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Troubled Bridge OverWater

Alberta’s Sunpine Forest Products is caught in the cross-fire as environmentalists target a bridge the company built for court action.
By Tony Kryzanowski

Alberta forest company Sunpine Forest Products is turning out to be a pawn in an expensive legal chess match pitting well-funded environmentalists against industry in the battle over the management of natural resources in Canada. The issue of the Ram River crossing in Alberta is likely headed for a Supreme Court ruling that could have dire financial consequences both for Canada’s resource sector and Canadians in general. It could mean that anyone wanting to build a crossing over a body of water— man-made or otherwise—capable of floating a canoe will be required to conduct a full cumulative impact assessment on the environment for each project before receiving a navigable waters permit. Sunpine alone has over 100 water crossings each year. “If we have to go through cumulative impact assessments for 100 crossings each year, forget it,” says Sunpine community affairs forester Tom Daniels. “We’ll shut the doors. And we’re not the only ones in that situation.”

Daniels says that if a farmer wants to build a crossing over a man-made dugout, he could be faced with the same requirement. In addition to forest companies, oil and gas companies and the mining industry have similar concerns about how the requirement will impact their operations. Unfortunately for industry, the federal government, whose weak navigable waters legislation opened the door to this legal challenge in the first place, is a reluctant advocate because of its hidden agenda. That agenda is aimed squarely at wresting more power away from provincial governments over the management of natural resources, a provincial responsibility under the Canadian Constitution. The battle began in August 1996 when Sunpine Forest Products received a navigable waters permit to build a zero span bridge across the Ram River, west of Rocky Mountain House, Alberta.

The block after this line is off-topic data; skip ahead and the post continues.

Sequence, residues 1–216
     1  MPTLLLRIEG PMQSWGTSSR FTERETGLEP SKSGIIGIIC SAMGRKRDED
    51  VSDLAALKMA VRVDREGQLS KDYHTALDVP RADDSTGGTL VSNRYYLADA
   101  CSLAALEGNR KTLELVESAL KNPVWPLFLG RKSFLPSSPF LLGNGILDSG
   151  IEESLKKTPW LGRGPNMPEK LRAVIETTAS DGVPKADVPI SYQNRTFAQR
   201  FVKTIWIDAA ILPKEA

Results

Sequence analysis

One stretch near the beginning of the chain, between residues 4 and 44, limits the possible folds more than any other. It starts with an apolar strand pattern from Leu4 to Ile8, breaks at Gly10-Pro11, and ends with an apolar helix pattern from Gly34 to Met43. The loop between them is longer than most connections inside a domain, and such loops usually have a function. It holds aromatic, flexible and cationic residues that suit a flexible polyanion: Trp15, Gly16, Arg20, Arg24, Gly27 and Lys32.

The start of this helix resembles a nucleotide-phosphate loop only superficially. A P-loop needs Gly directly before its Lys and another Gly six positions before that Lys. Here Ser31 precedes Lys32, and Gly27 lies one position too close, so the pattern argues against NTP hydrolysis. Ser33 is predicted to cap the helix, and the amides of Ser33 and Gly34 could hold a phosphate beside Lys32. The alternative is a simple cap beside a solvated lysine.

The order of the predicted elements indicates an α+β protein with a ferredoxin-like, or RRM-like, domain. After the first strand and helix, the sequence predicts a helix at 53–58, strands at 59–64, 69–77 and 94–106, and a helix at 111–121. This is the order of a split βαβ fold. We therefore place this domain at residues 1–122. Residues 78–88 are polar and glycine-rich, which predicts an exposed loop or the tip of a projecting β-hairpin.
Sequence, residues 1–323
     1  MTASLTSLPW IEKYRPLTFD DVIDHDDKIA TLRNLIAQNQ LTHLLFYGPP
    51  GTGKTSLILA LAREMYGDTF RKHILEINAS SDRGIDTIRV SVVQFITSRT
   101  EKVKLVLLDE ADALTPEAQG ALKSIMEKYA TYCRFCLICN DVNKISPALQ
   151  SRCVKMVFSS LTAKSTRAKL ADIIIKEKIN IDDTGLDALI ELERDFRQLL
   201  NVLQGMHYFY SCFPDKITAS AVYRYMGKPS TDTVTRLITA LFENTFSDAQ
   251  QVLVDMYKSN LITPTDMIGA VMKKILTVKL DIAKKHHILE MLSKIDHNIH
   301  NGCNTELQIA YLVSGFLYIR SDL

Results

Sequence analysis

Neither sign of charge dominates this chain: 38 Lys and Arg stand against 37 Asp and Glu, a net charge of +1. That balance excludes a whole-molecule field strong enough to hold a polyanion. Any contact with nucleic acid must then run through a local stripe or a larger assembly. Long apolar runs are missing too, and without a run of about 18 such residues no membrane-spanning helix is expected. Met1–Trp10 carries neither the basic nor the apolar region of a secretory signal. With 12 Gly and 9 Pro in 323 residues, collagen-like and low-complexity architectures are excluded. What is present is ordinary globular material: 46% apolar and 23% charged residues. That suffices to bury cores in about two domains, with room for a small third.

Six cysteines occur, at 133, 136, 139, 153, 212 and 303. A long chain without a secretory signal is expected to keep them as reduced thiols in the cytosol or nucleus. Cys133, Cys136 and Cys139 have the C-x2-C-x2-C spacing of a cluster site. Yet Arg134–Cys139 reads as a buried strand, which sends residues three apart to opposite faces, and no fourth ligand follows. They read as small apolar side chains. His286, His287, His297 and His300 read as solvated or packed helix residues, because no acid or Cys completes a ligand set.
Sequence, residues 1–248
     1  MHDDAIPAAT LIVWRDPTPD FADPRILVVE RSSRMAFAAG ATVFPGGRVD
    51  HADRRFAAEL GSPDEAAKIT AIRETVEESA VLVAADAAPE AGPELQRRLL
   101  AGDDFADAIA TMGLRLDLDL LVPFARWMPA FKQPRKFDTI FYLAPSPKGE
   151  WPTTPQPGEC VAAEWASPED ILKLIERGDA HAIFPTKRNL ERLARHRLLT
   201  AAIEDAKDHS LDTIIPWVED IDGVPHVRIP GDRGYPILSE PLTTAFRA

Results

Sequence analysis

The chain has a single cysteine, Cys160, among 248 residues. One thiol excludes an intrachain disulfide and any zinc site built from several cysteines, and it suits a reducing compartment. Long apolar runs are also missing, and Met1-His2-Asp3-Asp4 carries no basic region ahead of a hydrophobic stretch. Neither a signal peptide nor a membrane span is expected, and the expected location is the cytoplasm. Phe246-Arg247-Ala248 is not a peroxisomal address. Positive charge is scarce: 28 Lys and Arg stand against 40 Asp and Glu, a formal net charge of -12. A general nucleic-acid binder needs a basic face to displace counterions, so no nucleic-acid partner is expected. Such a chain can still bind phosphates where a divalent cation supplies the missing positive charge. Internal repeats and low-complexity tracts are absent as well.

Until recently, Sunpine was a low-key, privately-held company manufacturing dimension lumber and pressure treated wood products, and operating the world’s only continuous-flow,  laminated veneer lumber plant. Headquartered in Sundre, it also has operations in Rocky Mountain House. Earlier this year, Weldwood of Canada purchased the company. The Ram River bridge itself has no structures in the water and therefore offers no obstruction to navigation—even to a canoe. It is part of a road that also crosses Prairie Creek, leading to a portion of Sunpine’s Forest Management Area (FMA). The company applied for a permit to build a bridge across the Ram River because according to bureaucratic interpretation of the federal Navigable Waters Act, the term “navigable” also includes being navigable by a canoe. The Prairie Creek is so small that a person can cross it on foot at any time of year.

The Ram River itself is barely deep enough for a canoe. The approval of a navigable waters permit was the opening that environmentalists were looking for. It provided them with an opportunity to attack Sunpine’s logging activity in general by specifically challenging the permit process. A week after the permit was granted, an environmental group calling itself the Friends of the West Country, and backed by the Sierra Club legal defense fund, challenged its validity in court. In its challenge, the group claimed that the federal government had failed to follow the process that is required under the auspices of the Canadian Environmental Assessment Agency (CEAA). The Agency issued new environmental protection guidelines in January 1995.